A Spectacular Course to Run, Until…
The thick fog enveloping San Francisco’s night began to lift, revealing an azure sky on the horizon. I had been running for nearly 45 minutes. The early morning wind was chilly, but a shot of adrenaline rushing through my body made it bearable. The rusty red Golden Gate Bridge emerged in the distance like a beacon of light in the darkness. The track near the bridge was dusty but the view across the Pacific, magnificent. I let my eyes soak in the scenery and kept my feet pounding the pavement, simply glad to be part of the 2022 San Francisco Marathon, the 45th year of this grand event.
I looked forward to the marathon. It would take runners from the waterfront near Embarcadero, over the Golden Gate Bridge, to Sausalito briefly in the north, then back across the bridge, across Golden Gate Park, Haight-Ashbury, and Mission before finishing on Embarcadero.
About six miles into the run, the course started weaving uphill and downhill. I felt a twinge in my lower left leg around mile 13-14. Had I strained my calf muscles? I had a momentary respite thinking that I’d covered at least the half marathon; only half the distance to go! Looking ahead, the hill seemed challenging, the course daunting, and my legs felt heavy. I recollected reading that miles 13 to 19 would be entirely an uphill climb. I slowed to a walk but the pain in my left leg would not go away. Every step began to feel painful and intimidating.
Pushing Through the Pain
Japanese writer Haruki Murakami, in his memoir titled “What I Talk About When I Talk About Running” , writes about running as a way of life, how it is both an exercise and a metaphor for life itself. A quote from the book reads, “At least that’s why I’ve put in the effort day after day: to raise my own level. I’m no great runner, by any means. I’m at an ordinary – or perhaps more like mediocre – level. But that’s not the point. The point is whether or not I improved over yesterday. In long-distance running the only opponent you have to beat is yourself, the way you used to be.”
The words flashed before my eyes and lifted up my spirits. I plowed on.
It is said that marathon runners usually hit a wall around the 20-22nd mile. “Had I hit my wall earlier?”, I asked myself. “It can’t be. Come on, I easily finished a half-marathon a few months back and I have come so far now.” But my left leg would not cooperate.
Determined, I kept pushing through. I wanted to see for myself what it meant to approach mile 20. As the saying goes ‘Pain is inevitable, suffering is optional’, I knew the pain was temporary. I made a mental resolve, and silently chanted this mantra, ‘I am comfortable, I am in control’.
From Couch to Marathon Course
My mind went back to five years ago, prone on the couch watching TV, not too proud of my belly bulge, caused by work pressures, travel and no exercise. I decided to make a change and joined a gym. Gradually, I began hiking uphill and swimming, which led to long-distance running events and triathlons. I wanted to experience adventure sports – skydiving, rock climbing, surfing, skiing, motorcycle racing, horse riding. It was a rejuvenating and exhilarating experience. I simply couldn’t stop!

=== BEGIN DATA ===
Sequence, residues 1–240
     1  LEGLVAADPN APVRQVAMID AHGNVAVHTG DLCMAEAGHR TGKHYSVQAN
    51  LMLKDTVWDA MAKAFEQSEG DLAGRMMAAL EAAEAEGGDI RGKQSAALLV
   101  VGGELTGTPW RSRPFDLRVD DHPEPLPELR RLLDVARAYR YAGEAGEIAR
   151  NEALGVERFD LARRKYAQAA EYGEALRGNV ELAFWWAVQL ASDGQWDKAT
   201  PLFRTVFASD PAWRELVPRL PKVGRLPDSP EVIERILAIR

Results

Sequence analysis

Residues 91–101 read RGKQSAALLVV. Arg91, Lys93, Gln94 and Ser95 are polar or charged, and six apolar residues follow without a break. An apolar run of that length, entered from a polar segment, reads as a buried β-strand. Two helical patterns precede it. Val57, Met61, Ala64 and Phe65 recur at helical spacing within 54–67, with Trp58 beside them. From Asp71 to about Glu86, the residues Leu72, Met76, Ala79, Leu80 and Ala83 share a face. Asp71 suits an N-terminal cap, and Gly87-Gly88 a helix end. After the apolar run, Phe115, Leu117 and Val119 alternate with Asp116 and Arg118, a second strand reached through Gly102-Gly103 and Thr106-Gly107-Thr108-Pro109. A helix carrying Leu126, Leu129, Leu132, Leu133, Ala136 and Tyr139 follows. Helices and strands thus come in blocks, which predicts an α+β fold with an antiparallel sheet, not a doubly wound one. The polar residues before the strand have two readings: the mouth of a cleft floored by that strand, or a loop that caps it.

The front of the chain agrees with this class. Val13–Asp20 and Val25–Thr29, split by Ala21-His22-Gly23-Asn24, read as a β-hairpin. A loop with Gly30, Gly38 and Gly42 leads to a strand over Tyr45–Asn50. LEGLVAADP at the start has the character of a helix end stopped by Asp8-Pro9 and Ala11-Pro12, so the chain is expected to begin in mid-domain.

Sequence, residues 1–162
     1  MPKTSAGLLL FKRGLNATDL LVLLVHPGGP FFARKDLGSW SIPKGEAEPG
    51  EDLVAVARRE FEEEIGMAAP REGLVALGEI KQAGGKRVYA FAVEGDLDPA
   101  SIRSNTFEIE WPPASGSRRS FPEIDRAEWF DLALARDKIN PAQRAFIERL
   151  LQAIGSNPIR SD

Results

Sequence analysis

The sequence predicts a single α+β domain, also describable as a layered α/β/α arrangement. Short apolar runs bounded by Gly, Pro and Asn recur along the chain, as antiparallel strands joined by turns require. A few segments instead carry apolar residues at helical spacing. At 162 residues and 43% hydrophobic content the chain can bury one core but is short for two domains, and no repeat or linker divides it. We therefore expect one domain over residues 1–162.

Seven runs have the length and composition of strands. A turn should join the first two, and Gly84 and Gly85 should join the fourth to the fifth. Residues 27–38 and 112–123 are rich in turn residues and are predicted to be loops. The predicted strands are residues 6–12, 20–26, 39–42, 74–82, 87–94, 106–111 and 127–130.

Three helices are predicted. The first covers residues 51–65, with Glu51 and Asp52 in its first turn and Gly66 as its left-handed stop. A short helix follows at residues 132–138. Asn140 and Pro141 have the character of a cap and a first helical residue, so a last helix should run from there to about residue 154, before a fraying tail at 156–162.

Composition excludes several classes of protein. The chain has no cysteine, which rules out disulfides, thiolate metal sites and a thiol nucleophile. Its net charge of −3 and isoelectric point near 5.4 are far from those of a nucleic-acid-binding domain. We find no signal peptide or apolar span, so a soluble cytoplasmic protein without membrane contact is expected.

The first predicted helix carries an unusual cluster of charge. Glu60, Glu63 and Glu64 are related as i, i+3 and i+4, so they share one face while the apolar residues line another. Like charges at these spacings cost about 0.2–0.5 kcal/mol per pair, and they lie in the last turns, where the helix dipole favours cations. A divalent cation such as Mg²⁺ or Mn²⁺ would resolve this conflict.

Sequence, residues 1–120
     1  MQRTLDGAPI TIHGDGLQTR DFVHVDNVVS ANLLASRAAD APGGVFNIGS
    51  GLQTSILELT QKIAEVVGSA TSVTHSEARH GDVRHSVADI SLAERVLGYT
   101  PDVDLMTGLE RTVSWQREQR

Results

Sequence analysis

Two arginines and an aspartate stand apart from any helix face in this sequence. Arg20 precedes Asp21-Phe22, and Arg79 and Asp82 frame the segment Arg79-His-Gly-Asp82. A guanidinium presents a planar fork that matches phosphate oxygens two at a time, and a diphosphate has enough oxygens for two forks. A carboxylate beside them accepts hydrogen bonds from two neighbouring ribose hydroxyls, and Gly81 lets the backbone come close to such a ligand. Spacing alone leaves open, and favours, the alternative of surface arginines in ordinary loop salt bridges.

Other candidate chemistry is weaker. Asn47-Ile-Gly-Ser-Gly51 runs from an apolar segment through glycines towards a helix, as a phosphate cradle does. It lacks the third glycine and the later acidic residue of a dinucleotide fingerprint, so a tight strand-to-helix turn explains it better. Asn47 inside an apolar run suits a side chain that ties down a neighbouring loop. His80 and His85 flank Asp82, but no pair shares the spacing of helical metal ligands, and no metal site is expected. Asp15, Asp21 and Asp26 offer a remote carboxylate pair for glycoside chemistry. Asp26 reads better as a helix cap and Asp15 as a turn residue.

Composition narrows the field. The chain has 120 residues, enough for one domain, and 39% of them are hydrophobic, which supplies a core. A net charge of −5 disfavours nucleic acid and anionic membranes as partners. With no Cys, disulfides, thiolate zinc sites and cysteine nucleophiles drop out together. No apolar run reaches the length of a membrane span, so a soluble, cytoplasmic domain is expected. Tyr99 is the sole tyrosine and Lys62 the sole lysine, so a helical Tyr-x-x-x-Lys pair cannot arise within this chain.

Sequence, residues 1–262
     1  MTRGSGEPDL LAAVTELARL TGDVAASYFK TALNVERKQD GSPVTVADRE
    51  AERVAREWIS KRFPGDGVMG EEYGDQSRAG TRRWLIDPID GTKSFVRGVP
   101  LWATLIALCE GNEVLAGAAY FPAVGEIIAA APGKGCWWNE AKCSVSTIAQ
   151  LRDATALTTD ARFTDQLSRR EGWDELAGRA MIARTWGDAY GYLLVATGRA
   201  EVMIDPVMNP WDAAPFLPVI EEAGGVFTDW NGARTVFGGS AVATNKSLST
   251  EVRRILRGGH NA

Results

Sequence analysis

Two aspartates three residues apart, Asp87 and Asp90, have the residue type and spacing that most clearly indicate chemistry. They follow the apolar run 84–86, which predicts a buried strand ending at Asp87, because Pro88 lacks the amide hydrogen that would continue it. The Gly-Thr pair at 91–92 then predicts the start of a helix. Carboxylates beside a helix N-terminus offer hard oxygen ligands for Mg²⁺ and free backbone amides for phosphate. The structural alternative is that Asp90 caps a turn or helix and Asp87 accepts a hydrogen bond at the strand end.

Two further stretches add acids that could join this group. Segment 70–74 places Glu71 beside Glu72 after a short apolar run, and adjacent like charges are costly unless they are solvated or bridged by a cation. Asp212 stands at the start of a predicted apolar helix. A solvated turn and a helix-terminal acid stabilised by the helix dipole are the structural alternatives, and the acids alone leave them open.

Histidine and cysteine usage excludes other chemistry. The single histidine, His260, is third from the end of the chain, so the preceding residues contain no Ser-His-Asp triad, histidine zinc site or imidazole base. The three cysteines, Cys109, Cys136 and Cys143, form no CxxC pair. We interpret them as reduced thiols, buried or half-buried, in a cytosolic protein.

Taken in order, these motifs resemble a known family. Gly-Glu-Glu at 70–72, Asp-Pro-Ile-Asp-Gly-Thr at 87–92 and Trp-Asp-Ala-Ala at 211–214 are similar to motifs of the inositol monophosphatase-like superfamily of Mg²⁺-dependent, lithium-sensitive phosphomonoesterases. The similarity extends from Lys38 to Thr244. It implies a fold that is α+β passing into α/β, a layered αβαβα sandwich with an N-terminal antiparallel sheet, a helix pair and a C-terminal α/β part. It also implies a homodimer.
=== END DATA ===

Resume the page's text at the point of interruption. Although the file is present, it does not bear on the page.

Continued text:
I had a training plan three months before this race, though I didn’t exactly stick to it. But I had been physically active almost every day leading up to the race– running, working out at the gym, and cross-training with swimming, cycling and other sports. In the past few months, I had completed a half marathon, a triathlon and rendezvoused with Mt Shasta. I focused on mobility and strength training. So I was fairly confident in the days leading up to this race.
But at mile 18, I was dealing with a searing pain in my right knee. My right leg felt heavy, stiff and my knee cap burned. My left leg had a strained calf muscle. I chugged along, one foot in front of the other. At mile 21, I was relieved to have moved beyond the dreaded “wall” . I was in the final stretch of the marathon, just five miles to go. I knew microscopic tears in my leg muscles were causing this pain; I had read about post-race blues that runners experienced.
As I crossed mile 23, the pain in my knee grew intense. But I could see the finish line ahead. Finishing the marathon was a clear possibility. At the last aid station, the first aid doctor saw me limping and asked if I needed help. I refused because it felt that stopping would take away precious time. In hindsight, that was a mistake. I learned later that they could provide gel pads for instant relief!
The Final Stretch – Mind Over Body
I covered the last two-three miles limping, but mentally exhilarated. The finish line was near. The course meandered through AT&T / Oracle Park along the shore, and the final stretch of Embarcadero to the finish line became visible. This had been a grueling marathon. The public cheered from the sides, boosting our energy. I ran to the finish line to be greeted with the cool ‘finisher’ medal. I was elated!
Completing a marathon is an euphoric experience. I felt the rush of endorphins. A runner’s high? Possibly. I had overcome the hills, the brutal slopes, the wind chill and even rain. Nothing could deter my determination. I felt accomplished, completing all 26.2 miles of the marathon.
Finishing the marathon had given me renewed belief in pushing against all odds. If someone asks for life advice, I can simply say, ‘‘Life’s a marathon, not a sprint.’